So maybe you don’t want to cough up the $15.00 to train on Lumosity, or don’t have 20 minutes to sit down and train? Don’t worry! With Steve’s help I was able to come up with the below set of BWODS that anyone could do to improve brain function. The best part? They are slight modifications to your day, so there’s no significant time commitment!
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So here’s how this works people, for the next 30 days incorporate the following 8 activities into your daily routine to get Professor X like brain function. We’re going to leverage four styles of training: Off Hand Training, Eyes Closed, The Backwards Man\Woman, and Break the Routine

1) Brush your teeth with your off hand
Right handed? Use the left. Left handed? Use the right! You’ll notice that your dominant hand or arm may tense up. Be aware of that, and be in control and relax your dominant hand. Being independently proficient with both hands is an easy way to improve performance.

2) Purchase with your off hand
Put your wallet in the other pocket if you carry one. Use your off hand to reach for the wallet and pull it out of your pocket, purse or bag. Swipe your cards and count your cash with the off hand.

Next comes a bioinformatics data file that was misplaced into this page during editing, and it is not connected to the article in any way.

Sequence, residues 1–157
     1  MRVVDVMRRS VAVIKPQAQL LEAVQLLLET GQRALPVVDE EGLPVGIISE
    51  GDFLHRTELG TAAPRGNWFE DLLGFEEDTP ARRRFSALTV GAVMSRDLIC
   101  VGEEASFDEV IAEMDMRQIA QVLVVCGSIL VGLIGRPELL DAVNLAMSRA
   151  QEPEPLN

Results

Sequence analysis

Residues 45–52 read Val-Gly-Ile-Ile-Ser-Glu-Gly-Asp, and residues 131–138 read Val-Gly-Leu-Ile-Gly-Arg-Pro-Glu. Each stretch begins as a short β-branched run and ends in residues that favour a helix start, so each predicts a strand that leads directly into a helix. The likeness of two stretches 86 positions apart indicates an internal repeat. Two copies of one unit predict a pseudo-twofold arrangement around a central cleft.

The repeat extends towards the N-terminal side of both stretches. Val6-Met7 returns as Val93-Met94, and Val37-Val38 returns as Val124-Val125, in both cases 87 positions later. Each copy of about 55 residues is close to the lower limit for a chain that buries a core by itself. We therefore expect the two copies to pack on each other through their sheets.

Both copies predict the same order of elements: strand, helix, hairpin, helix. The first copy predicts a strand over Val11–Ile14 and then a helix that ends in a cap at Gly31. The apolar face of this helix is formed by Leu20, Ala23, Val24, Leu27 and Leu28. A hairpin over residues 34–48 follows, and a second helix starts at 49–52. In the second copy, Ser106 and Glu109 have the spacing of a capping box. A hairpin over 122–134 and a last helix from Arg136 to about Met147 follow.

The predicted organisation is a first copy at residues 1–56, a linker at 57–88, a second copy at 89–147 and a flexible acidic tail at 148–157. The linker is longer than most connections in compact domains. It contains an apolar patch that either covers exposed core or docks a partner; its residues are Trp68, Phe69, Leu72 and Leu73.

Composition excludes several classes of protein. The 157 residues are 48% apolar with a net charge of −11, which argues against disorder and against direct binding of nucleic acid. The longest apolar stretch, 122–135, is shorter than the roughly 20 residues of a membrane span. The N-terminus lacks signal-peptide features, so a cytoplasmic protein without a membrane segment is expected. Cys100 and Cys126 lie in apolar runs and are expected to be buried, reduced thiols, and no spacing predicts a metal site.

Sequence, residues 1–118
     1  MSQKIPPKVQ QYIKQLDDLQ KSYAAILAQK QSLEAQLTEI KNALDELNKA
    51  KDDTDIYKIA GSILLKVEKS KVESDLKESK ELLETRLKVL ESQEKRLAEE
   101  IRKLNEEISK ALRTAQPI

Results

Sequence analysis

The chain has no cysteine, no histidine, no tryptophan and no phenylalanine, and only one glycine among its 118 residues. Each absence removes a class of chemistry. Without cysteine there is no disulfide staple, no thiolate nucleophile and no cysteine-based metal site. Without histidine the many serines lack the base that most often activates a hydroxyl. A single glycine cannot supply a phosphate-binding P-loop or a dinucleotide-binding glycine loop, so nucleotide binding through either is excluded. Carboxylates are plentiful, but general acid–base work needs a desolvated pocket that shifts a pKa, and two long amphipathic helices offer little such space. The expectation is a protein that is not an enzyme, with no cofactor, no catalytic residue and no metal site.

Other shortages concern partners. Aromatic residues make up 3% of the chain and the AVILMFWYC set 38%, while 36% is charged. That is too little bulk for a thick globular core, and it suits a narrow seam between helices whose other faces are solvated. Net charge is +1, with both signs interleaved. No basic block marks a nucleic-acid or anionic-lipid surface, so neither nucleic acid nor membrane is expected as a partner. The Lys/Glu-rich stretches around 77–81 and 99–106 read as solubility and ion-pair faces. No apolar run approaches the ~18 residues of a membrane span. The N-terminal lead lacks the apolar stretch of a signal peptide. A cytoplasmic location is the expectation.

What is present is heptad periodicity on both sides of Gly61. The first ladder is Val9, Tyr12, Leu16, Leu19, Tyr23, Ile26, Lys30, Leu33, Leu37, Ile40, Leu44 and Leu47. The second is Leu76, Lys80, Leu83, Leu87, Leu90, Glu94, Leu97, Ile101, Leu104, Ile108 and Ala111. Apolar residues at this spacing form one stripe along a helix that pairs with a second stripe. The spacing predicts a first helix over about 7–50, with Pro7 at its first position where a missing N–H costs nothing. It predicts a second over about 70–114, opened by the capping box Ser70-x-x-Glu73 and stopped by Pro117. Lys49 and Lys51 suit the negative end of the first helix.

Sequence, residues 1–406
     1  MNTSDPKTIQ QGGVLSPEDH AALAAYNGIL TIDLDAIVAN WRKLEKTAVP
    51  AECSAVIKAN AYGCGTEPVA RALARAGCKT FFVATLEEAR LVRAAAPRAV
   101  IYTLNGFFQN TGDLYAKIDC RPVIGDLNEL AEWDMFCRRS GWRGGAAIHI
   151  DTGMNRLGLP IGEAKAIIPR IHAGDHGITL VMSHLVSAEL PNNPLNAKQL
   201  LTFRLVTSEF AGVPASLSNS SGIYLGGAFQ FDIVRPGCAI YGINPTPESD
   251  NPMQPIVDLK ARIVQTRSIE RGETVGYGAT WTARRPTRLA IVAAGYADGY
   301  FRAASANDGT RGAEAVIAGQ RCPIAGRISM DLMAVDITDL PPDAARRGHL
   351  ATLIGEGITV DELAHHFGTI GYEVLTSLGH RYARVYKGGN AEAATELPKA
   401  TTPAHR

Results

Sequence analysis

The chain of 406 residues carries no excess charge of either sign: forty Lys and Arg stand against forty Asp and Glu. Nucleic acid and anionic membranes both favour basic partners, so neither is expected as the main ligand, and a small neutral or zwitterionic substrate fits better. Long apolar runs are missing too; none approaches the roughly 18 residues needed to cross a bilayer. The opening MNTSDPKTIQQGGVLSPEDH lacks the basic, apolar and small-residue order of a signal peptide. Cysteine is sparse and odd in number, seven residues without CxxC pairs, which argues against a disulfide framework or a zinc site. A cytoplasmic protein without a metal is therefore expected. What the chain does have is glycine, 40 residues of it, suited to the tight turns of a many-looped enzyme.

3) Unlock with your off hand
Unlock your house, phone, locker, bike lock, whatever you lock up with your off hand.

4) Get dressed and tie your shoes with your eyes closed
Suit up for work and let your digits wander to loop up and knot those Vans or chucks with those eyes closed! Still wearing Velcro shoes? Then you’re beyond saving… Forcing your brain to accomplish a familiar task without relying on the expected visual input will force you to re-think the task at hand and adapt to the new scenario.

5) Shower with your eyes closed
Before you hop in, be sure you give the knobs an ocular pat down to make sure the water is the correct temp. Then once it’s time to jump in and get to work, you need to lather, rinse, and repeat with eyes closed. DISCLAIMER – Open eyes immediately in the event of unexpected hands joining the party. What’s comes next is up to you.